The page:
LTPO variable refresh tech also drops the refresh rate behind the scenes in order to keep power consumption in check. It’s completely automated, with no way to set things manually.

If you don’t mind more regular charging, you can also enable the always-on display mode; the layout compliments the currently selected watch face, with raise-to-wake saving you a button press to start using the watch properly. Beyond the handful of Huawei-supplied watch faces there are hundreds more available for download, but many are paid-for, and lack the customisation seen on most WearOS or Apple Watch faces.

Features & battery life: bring your walking boots

For the most part, the Watch Ultimate feels like any other Huawei smartwatch to use. The interface is familiar, with multiple cards available to swipe through straight from the home screen, a quick settings menu accessed with a swipe, and an app drawer that opens when you push the digital crown. There’s so many to pick from it can be a bit overwhelming, until you work out what each icon represents.

Everything feels snappy and responsive, with apps loading in a flash and animations looking especially smooth. There’s plenty pre-installed to keep you busy, including a music player that can play MP3s saved to the watch through your Bluetooth ‘buds – handy for workouts where you’d rather leave your phone at home. Breathing exercises, a compass, and weather app are also ready right out of the box, on top of a full gamut of fitness-focused apps.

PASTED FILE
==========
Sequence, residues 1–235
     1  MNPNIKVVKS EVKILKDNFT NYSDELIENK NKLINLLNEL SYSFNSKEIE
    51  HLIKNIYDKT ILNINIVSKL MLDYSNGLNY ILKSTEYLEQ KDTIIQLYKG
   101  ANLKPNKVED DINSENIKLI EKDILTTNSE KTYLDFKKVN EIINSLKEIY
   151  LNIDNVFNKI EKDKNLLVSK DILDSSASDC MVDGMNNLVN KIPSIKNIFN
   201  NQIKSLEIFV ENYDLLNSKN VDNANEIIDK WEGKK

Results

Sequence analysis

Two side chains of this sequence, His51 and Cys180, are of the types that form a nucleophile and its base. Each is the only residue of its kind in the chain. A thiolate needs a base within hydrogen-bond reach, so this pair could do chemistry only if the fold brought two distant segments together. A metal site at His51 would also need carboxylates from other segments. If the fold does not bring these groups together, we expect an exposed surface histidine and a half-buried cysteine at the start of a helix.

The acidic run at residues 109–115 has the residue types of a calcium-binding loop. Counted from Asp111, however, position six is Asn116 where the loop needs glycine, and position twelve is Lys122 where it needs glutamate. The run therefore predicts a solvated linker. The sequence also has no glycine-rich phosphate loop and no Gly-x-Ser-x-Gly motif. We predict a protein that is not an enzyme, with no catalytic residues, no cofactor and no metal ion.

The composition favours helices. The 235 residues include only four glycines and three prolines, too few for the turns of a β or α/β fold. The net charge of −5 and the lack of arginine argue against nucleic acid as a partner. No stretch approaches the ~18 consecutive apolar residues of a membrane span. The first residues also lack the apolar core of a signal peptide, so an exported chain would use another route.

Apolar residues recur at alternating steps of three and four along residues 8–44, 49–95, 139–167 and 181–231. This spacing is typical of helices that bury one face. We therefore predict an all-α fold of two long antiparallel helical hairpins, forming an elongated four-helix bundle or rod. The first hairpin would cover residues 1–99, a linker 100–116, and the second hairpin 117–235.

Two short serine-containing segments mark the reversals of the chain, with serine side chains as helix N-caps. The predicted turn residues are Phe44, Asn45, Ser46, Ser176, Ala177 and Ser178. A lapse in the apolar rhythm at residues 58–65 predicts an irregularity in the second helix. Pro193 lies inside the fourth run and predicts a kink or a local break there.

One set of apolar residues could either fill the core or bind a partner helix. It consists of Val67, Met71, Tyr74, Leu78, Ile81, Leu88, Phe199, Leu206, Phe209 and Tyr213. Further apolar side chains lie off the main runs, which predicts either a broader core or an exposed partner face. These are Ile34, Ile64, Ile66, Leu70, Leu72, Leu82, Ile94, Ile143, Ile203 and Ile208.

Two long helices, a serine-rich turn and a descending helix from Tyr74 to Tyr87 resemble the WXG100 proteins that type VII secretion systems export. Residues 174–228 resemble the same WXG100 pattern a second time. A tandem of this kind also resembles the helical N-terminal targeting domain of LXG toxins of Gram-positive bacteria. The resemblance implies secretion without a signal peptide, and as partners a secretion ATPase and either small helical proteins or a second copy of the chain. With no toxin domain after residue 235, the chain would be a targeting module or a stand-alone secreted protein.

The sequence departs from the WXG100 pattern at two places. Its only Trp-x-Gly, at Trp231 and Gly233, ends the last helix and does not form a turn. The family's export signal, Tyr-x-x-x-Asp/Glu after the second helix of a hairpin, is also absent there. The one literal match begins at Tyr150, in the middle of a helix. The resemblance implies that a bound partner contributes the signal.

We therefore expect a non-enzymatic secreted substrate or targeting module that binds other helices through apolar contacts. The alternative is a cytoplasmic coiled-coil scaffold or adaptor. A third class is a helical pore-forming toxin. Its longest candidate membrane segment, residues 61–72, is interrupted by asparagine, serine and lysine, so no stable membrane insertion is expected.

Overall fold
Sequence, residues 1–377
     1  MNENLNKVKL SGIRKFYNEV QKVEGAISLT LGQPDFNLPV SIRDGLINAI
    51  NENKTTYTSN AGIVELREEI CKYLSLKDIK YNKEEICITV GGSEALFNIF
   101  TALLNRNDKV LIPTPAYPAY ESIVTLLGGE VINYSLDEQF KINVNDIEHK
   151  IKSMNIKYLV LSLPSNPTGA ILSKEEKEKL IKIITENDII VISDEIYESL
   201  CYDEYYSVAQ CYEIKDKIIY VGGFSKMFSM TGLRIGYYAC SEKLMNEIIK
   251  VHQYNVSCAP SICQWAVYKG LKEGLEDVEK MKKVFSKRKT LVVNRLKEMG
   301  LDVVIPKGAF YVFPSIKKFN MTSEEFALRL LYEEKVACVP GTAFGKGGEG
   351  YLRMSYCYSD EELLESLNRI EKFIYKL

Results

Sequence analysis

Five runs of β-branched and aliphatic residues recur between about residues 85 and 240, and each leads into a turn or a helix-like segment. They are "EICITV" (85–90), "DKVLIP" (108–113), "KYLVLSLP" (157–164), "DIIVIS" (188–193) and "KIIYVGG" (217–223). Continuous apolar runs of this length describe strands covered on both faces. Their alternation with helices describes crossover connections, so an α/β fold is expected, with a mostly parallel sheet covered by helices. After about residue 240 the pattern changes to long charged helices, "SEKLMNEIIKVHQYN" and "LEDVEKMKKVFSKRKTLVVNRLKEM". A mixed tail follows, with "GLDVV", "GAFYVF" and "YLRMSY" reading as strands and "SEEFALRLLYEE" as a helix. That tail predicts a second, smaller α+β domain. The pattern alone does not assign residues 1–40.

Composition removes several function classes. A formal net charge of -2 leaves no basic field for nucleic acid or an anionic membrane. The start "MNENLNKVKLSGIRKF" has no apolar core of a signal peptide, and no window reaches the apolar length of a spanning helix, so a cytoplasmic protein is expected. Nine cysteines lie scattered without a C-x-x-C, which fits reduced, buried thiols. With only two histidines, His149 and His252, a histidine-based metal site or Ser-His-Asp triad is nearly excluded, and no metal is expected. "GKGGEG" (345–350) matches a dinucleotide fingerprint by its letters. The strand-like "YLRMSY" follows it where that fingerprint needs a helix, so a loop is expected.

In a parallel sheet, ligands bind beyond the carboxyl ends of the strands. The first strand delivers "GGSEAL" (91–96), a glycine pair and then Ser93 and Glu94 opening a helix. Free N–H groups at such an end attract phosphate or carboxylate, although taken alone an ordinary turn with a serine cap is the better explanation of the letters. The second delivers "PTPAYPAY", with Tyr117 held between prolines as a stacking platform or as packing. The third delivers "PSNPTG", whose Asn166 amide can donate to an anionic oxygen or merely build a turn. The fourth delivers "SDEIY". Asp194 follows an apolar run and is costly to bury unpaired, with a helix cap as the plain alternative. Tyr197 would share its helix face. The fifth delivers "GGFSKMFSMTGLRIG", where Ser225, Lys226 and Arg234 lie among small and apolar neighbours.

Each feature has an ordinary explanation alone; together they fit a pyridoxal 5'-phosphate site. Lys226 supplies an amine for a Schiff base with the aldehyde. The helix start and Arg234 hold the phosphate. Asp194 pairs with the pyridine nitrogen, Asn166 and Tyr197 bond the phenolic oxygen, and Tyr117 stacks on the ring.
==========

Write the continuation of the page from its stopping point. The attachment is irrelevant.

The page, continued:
That said, third-party app support remains very limited, with no support from western music streaming services or fitness apps. Contactless payment support is also country-dependent, with UK customers being largely out of luck. Huawei’s Celia voice assistant only works when paired to a Huawei smartphone, but there’s no way to hide the icon if you’re using another device. You’re also limited to canned message replies, with no option to compose them on the watch itself.

The Huawei Health companion app remains a hurdle, too. You’ve got to download it from the company’s website, not the Play Store, then enable multiple permissions and battery optimisation settings. Android 13 made this process trickier than it used to be, but the app hasn’t been updated with clear instructions. A web search will help, but it’s something users shouldn’t have to do.

Once you’re up and running, though, the Watch Ultimate can stay on your wrist for weeks at a time. The 530mAh battery can survive eight days of heavy use, but unless you’re recording more than three hours of GPS-tracked exercise a day, ten to twelve is more likely based on our testing. That’s miles better than anything Apple, Google or Samsung can manage, and on par with dedicated sports watches from the likes of Garmin. The bundled magnetic charging puck can deliver a full charge in an hour, so you’re never waiting around long to refuel.

Health & fitness tracking: water way to go

With a 10ATM rating and conforming to a whole bunch of diving standards, the Watch Ultimate goes big on watersports. There’s a dedicated diving function, which includes recreational and technical dives, and records info like safety stop times, oxygen partial pressure, and gradient factor. A bespoke watchface also puts things like ascent rate, decompression limits and depth on show. And unlike the Apple Watch, which can only dunk down to 40m, this’ll manage more than twice the depth. With no diving certificate we weren’t able to put it to the test, but a swimming pool visit at least confirmed the watch is fully waterproof.